By Larry Horyna
Mitsubishi's A5M "Claude" was a significant development for Japanese naval aviation being their first low wing monoplane fighter. The A5M-K was the two seat trainer version of this aircraft which was designed by the same team who later brought us the famed "Zero". Although esoteric looking, the two seat Claude was produced in a somewhat significant number (about 150 built). One probably does have to be a lover of Japanese training aircraft in order to fully appreciate this airplane but the training paint schemes are quite colorful.
This kit is what I would consider an average cottage industry injection mould. Sometimes I call these glorified vacuforms because except for sanding out the main components, they seem similar to build. There are no alignment pins and you typically have to do some extra detailing or modifying to get the result you want. The detail in this kit is very nice, as Classic Airframes kits usually are. It's the fit and specific details that will require a little extra attention in this kit.
If I had any major problems with this kit it would have to be the cockpit interior. The resin detail is excellent, it just didn't even come close to fitting in the fuselage! Both seat bulkheads were the same size even though the fuselage tapers considerably. This means you will need to reshape the back seat bulkhead to fit, and I mean reshape! Even after much reshaping, my fuselage didn't want to fit together at all. Also, the kit seats are beautifully cast in resin with the holes for weight reduction in them. The problem is, if you look at them funny, they'll break!
If you want a real trainer, you'll want to remove the machine gun butts from the front cockpit instrument panel. I wouldn't recommend following the kit instructions for assembly of the interior. If you follow the kit instructions, you will end up with a gap between the resin sidewalls and the fuselage interior walls. It would be easier to glue the resin sidewalls to the interior of the fuselage to ensure that they fit snug. The wings fit together reasonably well, they didn't fit to the fuselage as well, but it didn't require too much filling. Getting the wings, horizontal stabilizer, vertical stabilizer and fuselage all lined up with dihedral, and other angles correct, was a bit of a chore. You really need to take your time lining the kit up. Again, there are no alignment pins on this kit.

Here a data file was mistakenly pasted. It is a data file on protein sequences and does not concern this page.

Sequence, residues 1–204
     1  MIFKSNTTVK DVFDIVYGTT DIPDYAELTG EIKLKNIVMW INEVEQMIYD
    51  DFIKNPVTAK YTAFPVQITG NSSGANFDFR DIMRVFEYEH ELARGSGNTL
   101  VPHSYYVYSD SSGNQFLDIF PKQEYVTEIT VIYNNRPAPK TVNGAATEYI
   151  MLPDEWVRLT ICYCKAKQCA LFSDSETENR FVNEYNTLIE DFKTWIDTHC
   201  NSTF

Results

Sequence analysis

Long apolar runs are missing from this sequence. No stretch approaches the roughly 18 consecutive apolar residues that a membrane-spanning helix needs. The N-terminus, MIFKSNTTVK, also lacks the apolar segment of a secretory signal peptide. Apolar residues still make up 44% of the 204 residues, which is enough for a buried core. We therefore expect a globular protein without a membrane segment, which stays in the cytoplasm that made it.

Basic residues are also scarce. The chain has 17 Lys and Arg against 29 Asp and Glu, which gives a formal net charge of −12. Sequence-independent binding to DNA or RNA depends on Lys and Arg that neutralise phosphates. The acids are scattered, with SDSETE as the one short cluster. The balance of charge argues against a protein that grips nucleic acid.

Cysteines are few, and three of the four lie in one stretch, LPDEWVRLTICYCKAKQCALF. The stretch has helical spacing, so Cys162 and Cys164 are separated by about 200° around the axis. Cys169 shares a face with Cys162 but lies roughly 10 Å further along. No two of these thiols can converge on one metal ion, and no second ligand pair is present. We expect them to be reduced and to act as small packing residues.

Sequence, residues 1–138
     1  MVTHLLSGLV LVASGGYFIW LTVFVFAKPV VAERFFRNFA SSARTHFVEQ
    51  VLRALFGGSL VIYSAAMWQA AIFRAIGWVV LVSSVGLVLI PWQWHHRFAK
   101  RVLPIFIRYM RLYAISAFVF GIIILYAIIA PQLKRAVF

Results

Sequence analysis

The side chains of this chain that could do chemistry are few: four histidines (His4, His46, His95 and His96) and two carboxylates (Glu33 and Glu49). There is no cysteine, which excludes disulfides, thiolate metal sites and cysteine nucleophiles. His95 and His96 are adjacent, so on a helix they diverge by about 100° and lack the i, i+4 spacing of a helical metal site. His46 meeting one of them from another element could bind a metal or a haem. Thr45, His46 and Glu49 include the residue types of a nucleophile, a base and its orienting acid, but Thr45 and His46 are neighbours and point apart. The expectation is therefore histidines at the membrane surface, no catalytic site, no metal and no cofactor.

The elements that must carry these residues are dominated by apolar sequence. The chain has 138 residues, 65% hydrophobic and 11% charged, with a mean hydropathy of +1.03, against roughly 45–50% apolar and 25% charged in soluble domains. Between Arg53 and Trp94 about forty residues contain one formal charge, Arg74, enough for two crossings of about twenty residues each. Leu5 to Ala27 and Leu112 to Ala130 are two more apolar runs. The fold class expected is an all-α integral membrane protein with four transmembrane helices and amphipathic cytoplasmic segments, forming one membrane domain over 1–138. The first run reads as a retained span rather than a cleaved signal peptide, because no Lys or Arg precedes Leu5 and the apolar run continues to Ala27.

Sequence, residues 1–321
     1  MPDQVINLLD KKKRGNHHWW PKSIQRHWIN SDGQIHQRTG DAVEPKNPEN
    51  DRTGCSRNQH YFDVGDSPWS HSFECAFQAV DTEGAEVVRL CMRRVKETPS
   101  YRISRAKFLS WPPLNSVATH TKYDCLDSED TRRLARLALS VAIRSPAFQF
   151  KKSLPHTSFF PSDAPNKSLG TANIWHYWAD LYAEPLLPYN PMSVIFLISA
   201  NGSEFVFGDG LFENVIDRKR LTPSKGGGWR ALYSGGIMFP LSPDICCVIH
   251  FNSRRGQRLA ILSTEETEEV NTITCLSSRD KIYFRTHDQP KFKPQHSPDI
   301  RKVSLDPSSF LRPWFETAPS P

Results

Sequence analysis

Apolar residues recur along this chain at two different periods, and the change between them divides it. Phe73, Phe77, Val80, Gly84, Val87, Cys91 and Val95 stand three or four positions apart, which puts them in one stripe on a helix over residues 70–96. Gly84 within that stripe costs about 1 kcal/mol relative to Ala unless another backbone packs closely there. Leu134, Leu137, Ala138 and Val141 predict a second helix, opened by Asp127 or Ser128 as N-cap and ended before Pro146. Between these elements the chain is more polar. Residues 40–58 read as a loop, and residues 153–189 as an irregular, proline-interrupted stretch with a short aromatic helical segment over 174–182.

There are some other considerations if you are going to build a "true" trainer version of the Claude. Aside from giving you a fuselage with two holes in it and two seats and control sets, there are still things to modify to make this a trainer. As mentioned previously, you need to remove the gun butts from the cockpit. You also need to fill the shell ejector holes under the wings. The trainer version did not have an arrestor hook, so you need to remove the fairing for this under the fuselage. This will leave a good gap to fill. The biggest modification will be the cowling. It has cutouts in the front for the guns and cutouts in the cowl flaps for the same reason. These need to be filled and shaped to match the contours of the cowl. I used Tamiya epoxy putty, which made it pretty easy to do, especially the sanding part. The trainer also had some strakes on the rear fuselage and the instructions give you templates to make these.
One other thing to look for in this type of injection molding is panel lines and more often the scribed line where the flaps, elevators and ailerons are "hinged" there are "raised" line sections. I call them panel line goobers (one of my favorite technical terms) and they are a real pain to sand off and rescribe. My kit had about five good ones on it, the biggest ones being between the ailerons. If I make this kit sound bad, I'm really not trying to! As I said before, for limited run injection molding, this is a pretty good model. The quality can always be tempered by just how much you want the subject. I love Japanese WWII airplanes and am more than willing to deal with some of the kit's shortcomings.
I painted the model with Polly Scale and Aeromaster acrylics. I found that Polly Scale Railroad Utility Orange makes a great match for the Japanese trainer orange. As per usual for me, I gloss coated the model with future floor wax, this after highlighting each color with a whitened down version of the base color. Then an oil wash followed by Polly Scale flat. The windscreens were a bit hairy, especially the rear one with a huge cutout to accommodate the "rollbar". One other slightly tricky note, the engine, which is beautifully detailed, takes a bit of work to fit in the cowling. Again, I wouldn't follow the kit instructions and put the engine in as you glue the cowl together. I put the cowl together first, painted it, and then mounted the engine to the firewall. I then slid the cowl over the engine. This will take a bit of adjusting on the cylinder heads but you will need to do this anyway, because the engine is a little too big to fit in the cowl.
All in all, this is a pretty good model. It does require some extra work but you should expect that from this type of molding. Even if you are not an affectionado of Japanese trainer aircraft, this kit makes a unique addition to any WWII era collection. My thanks to Classic Airframes for this review sample!